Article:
A new $45 alternative for the armchair traveler is the 215-page catalogue raisonné, “Along the Way: M.T.A. Arts for Transit,” by Ms. Bloodworth and William Ayres, published by the Monacelli Press.
If you’re a New Yorker of a certain age, the idea of a coffee-table guide to contemporary artwork in the subway system may strike you as wildly improbable.
But “Along the Way” shows just how abundant the permanent artwork has become. It highlights nearly 70 installations, organized by artist, followed by illustrated thumbnail descriptions of every project.
The book’s chief drawback is that it is too large to use comfortably as a ride-around guide. For that, the M.T.A. has published “Art en Route,” a 50-page booklet pinpointing the artworks by train line. It is available at the New York Transit Museum stores or by request at the Arts for Transit Web site, mta.info/mta/aft, where there is also an engaging interactive guide to the collection.
Of course the subway system was born with art within it: decorative ceramic plaques and mosaic wall panels. Their durability was time-tested by a century of use and abuse. Bronze, steel and faceted glass have been added to the repertory by the Arts for Transit program, but ceramics and mosaics are still the preponderant medium.
One ceramic installation, Margie Hughto’s “Trade, Treasure and Travel” in the Cortlandt Street R and W station, emerged unscathed from the destruction of Sept. 11, 2001. It is sure to be one of the most evocative works in the subway system when it is reinstalled in the Fulton Street Transit Center, now under construction. Intended for a 60-foot-long passageway leading to the World Trade Center concourse, Ms. Hughto’s work is composed of 10 relief murals, strongly influenced by the Ishtar Gate of Babylon and meant to evoke an archaeological treasure house.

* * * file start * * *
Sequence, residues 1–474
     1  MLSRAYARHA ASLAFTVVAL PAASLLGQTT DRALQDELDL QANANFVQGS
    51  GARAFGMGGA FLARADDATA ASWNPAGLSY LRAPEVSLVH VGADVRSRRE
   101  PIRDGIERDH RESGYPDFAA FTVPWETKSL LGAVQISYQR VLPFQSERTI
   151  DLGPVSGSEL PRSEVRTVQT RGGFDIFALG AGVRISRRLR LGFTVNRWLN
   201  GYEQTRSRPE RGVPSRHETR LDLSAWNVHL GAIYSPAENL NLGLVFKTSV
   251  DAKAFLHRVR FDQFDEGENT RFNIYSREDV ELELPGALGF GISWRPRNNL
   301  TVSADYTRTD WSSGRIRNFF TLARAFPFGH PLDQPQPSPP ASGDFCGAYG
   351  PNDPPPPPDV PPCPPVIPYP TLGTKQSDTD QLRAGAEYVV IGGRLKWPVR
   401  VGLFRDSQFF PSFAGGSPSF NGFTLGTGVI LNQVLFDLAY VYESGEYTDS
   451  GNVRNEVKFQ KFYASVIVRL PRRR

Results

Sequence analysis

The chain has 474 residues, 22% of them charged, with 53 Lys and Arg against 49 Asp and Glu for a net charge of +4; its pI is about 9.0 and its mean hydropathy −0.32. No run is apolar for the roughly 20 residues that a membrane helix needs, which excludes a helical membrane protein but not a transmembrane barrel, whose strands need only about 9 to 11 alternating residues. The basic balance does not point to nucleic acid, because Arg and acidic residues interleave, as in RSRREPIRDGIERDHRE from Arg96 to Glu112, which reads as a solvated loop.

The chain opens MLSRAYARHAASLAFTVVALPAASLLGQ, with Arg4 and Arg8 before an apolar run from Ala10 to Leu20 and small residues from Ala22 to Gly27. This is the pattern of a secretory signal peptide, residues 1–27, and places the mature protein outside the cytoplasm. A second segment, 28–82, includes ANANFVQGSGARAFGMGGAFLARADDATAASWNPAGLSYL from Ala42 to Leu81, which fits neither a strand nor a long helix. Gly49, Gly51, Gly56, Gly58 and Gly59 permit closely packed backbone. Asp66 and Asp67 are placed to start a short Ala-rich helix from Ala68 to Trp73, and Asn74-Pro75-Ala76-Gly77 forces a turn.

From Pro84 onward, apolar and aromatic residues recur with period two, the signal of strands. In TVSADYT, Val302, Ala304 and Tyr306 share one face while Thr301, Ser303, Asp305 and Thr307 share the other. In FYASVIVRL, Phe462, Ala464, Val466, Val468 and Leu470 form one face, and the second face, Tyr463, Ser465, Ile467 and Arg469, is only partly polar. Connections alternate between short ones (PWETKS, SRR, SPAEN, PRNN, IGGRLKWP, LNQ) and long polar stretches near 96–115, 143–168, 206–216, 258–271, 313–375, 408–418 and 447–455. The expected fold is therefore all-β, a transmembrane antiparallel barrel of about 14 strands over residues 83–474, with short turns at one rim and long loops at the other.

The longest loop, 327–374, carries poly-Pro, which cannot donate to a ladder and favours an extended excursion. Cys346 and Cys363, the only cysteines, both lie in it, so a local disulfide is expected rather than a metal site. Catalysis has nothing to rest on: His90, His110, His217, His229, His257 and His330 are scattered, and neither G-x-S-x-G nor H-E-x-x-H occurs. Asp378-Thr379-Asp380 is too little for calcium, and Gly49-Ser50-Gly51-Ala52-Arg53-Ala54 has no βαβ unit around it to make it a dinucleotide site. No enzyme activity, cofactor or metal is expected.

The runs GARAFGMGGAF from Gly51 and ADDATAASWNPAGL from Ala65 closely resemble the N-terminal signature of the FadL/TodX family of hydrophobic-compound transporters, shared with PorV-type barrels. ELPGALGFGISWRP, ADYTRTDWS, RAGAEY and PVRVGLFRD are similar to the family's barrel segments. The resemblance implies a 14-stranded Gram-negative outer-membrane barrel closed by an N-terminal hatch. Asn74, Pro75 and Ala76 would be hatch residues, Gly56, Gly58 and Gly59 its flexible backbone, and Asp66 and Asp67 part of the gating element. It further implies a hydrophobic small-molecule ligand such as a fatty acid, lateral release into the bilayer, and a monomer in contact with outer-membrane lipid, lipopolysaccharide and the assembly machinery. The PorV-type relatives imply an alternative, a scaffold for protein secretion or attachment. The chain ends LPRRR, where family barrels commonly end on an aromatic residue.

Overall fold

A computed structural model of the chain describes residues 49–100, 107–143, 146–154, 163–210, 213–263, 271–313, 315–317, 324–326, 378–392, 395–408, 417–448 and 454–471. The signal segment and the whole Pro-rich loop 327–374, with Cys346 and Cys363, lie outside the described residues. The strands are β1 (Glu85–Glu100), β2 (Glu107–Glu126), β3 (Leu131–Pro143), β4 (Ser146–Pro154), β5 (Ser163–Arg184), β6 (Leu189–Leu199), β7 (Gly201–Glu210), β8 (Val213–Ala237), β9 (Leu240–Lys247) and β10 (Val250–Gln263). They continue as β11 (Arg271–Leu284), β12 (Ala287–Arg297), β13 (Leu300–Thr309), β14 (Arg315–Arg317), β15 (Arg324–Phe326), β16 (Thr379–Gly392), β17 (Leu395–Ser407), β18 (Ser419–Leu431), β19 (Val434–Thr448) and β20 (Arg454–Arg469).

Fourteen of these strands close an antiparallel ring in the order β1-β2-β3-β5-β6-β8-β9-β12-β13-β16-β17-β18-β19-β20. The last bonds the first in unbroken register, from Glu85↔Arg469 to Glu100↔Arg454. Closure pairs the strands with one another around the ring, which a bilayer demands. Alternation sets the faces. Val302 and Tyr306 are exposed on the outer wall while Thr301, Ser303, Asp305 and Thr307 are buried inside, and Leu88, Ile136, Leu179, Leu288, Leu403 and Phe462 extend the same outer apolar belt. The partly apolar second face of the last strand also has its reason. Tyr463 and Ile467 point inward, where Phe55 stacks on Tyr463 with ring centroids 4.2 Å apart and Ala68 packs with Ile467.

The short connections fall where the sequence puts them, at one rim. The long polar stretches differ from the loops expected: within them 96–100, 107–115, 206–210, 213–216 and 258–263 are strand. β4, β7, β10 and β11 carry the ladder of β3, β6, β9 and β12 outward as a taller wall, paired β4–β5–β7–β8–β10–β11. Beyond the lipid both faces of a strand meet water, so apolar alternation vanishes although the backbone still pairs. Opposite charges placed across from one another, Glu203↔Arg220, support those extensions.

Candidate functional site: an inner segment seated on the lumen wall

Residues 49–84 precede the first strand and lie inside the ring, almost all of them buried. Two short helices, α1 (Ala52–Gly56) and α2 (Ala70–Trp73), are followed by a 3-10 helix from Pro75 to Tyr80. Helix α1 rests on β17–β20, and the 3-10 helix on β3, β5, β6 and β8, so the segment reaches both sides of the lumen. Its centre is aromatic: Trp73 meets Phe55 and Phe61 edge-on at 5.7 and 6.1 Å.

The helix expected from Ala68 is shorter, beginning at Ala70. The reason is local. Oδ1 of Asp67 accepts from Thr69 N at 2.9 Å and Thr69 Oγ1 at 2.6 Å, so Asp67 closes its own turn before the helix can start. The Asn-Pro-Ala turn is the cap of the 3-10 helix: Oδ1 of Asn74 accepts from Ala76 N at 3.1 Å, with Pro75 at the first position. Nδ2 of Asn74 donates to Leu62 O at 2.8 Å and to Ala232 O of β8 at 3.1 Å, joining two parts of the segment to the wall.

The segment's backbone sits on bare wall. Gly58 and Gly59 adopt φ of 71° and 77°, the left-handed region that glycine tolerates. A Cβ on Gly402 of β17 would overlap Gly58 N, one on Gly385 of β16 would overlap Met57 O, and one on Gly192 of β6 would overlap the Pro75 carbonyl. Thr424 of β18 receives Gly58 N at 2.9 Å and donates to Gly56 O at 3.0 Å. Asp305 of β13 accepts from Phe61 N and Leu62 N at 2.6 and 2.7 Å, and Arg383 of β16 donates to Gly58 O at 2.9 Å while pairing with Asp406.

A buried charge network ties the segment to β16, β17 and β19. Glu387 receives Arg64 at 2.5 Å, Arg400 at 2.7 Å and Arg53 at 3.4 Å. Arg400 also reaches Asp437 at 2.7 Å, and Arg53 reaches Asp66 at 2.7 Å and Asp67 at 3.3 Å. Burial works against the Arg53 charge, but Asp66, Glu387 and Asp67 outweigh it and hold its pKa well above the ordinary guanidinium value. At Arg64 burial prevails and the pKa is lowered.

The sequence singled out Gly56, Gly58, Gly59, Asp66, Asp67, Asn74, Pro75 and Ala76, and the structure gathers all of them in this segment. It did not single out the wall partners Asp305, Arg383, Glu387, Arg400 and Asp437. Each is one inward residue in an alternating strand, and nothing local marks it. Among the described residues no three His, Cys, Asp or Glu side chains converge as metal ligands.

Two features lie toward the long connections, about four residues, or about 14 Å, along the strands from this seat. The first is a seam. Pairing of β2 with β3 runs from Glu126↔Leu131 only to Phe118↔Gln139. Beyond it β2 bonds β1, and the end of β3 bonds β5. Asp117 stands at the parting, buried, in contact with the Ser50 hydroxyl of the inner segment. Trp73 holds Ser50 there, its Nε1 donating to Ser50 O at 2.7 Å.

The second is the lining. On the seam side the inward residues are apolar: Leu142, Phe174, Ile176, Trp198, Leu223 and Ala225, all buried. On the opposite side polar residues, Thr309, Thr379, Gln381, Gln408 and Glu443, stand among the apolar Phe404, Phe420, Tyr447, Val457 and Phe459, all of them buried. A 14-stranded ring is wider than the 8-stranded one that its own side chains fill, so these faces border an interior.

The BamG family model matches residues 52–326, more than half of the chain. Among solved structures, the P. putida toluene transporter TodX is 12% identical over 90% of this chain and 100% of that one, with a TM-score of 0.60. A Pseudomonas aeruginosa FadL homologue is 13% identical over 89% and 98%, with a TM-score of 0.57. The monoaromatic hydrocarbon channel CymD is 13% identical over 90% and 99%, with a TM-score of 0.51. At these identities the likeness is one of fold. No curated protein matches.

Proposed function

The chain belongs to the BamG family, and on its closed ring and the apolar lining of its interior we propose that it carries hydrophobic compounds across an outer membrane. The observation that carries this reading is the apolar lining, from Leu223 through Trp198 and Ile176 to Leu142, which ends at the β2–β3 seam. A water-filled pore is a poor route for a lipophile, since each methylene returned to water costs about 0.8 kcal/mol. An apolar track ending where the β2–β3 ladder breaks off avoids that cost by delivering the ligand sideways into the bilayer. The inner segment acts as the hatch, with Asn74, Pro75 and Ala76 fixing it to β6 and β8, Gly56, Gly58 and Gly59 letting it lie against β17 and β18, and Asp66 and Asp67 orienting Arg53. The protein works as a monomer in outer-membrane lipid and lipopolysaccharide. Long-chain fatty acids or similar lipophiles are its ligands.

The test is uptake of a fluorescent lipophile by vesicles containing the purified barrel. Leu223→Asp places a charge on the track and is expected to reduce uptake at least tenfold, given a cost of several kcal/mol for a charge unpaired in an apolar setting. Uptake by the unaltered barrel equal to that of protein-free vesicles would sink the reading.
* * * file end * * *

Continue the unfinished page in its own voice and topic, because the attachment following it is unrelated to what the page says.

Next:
But there were contemporary references too, like panels depicting the trade center, with the Brooklyn Bridge in the foreground and, behind one tower, what once would have been unmistakable as a cumulus cloud but now cannot help look like a plume of smoke.
The World Trade Center seems at first to be absent from Ellen Harvey’s “Look Up, Not Down,” at the Queens Plaza station on the E, G, R and V lines. These floor-to-ceiling mosaic murals depict the skyline of Long Island City, Hunters Point and Manhattan, as if the viewer were suspended in air directly over the subway station.
Ms. Harvey agonized in 2002 over whether to include the trade center. “It seemed so sad to leave it out altogether,” she said.
The panorama above the Manhattan-bound platform shows the Empire State Building, Chrysler Building, Trump World Tower, Citigroup Center, Queensboro Bridge and Ravenswood generating station to the west.
On the mezzanine outside the turnstiles is the clock tower of the old Bank of the Manhattan Company building on 41st Avenue, pointing to the northeast. That would mean the view on the opposite wall — the Eagle Electric Manufacturing Company plant, the Long Island City Courthouse and the Citigroup skyscraper at Court Square — must offer a distant glimpse of the Lower Manhattan skyline to the southwest.
I looked at the scene and looked at it again. There was no trace of the towers. (But then, why should there be? The murals, after all, depict a moment five months after the attack, which explains why so many American flags are flying.) I turned around once more, to get my bearings before heading home.
That’s when I saw it: a four-inch circle of white mosaic tile, almost impossible to discern in the mural’s hazy white sky. It was the sun, directly over the place where the twin towers stood, perhaps the subtlest 9/11 memorial in New York City. And a gift waiting to be found.